When parents discover their teenager is experimenting with drugs, your first reaction is probably to get very angry and threaten all kinds of punishments. However, that’s not the most productive way to deal with the problem, and will most likely push your teenager to experiment further and just be more careful not to get caught. To really communicate with your teen about drugs, you need to act like the adult you are and have an open discussion about drug use and how it influences people’s lives in a real, raw way.
As soon as you discover that your teenager has tried drugs, avoid the urge to get angry. It’s OK to communicate disappointment and even frustration, but a yelling match is never going to be beneficial to either you or your teen.
Your teen will probably be hesitant to talk to you about their experimentations with drugs, so you need to create a safe environment for them to share thoughts and feelings without being judged. Focus on what they are saying, ask appropriate questions and really listen to what they are saying.
Teens have a number of different reasons for experimenting with drugs, and as a parent, you need to find out why so that you can help them understand the serious consequences. Some teens do it because they are curious or because of peer pressure, while others use drugs as an escape from stress or frustration. Still others turn to substance abuse when they have serious mental health, behavioral or emotional issues that they can’t deal with. Once you discover the motivation behind the drug use, you can help them learn healthy coping skills and be stronger next time.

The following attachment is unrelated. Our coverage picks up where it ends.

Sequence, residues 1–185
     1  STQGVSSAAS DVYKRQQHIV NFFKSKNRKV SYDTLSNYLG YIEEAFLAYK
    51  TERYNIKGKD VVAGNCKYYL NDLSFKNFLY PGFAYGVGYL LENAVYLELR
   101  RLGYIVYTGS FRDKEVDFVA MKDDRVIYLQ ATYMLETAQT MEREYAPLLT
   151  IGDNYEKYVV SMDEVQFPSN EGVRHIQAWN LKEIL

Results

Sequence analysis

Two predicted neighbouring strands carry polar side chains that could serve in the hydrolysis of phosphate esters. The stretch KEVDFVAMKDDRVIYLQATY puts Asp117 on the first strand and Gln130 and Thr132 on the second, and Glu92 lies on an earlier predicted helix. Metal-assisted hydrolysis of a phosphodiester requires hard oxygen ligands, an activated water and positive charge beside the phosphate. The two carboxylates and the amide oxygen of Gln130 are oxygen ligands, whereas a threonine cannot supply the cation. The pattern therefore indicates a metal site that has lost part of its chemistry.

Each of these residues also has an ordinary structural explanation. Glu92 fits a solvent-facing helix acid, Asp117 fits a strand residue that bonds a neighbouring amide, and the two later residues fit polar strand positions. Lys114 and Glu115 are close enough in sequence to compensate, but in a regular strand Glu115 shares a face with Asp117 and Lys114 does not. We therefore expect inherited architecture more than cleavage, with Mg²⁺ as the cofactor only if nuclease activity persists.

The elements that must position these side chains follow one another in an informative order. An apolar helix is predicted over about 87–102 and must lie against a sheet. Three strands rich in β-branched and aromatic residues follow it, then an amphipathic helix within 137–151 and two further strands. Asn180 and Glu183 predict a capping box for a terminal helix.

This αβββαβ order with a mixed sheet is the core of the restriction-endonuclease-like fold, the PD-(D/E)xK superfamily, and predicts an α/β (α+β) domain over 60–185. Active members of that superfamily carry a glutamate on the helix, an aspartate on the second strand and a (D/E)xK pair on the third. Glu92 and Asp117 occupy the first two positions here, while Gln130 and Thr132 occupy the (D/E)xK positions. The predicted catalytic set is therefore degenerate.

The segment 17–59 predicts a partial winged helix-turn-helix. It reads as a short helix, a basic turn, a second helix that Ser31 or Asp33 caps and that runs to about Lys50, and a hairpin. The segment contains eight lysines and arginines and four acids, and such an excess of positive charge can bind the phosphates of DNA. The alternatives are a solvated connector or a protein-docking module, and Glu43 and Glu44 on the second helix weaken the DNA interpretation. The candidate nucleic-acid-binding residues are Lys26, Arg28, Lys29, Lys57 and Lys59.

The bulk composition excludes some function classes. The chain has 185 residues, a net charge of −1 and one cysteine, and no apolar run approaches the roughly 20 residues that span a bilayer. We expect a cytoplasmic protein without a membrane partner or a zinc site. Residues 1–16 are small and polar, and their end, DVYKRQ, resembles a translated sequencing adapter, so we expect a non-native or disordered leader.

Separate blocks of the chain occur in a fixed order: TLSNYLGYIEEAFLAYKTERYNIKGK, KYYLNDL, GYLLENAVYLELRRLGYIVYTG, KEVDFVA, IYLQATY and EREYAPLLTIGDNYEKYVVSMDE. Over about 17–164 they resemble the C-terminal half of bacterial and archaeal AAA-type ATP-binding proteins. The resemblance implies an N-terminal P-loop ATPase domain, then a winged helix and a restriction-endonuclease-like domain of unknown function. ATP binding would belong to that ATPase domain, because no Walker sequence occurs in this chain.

Share Your Stories
Many people experimented with drugs in their younger days, and it may go a long way if you confess to your teen that you have experience in experimentation, too. It will give you more credibility in their eyes that you know what you are talking about. You can even share your motivations for trying drugs, and what lessons you learned.
Once the lines of communication have been opened and you’ve discovered why your teen turned to drugs, you can educate yourself about what to do about it. The more you are your teen learn about drugs and their effects on lives, both short-term and long-term, the stronger you both will be. If your teen needs professional help to work through some issues, then find a therapist that specializes in adolescent psychology.
Every parent worries about their kids when it comes to drug use and abuse, but the way you handle yourself once you discover your teen is experimenting will set the standard on how much they listen to you and work with you to change their habits.
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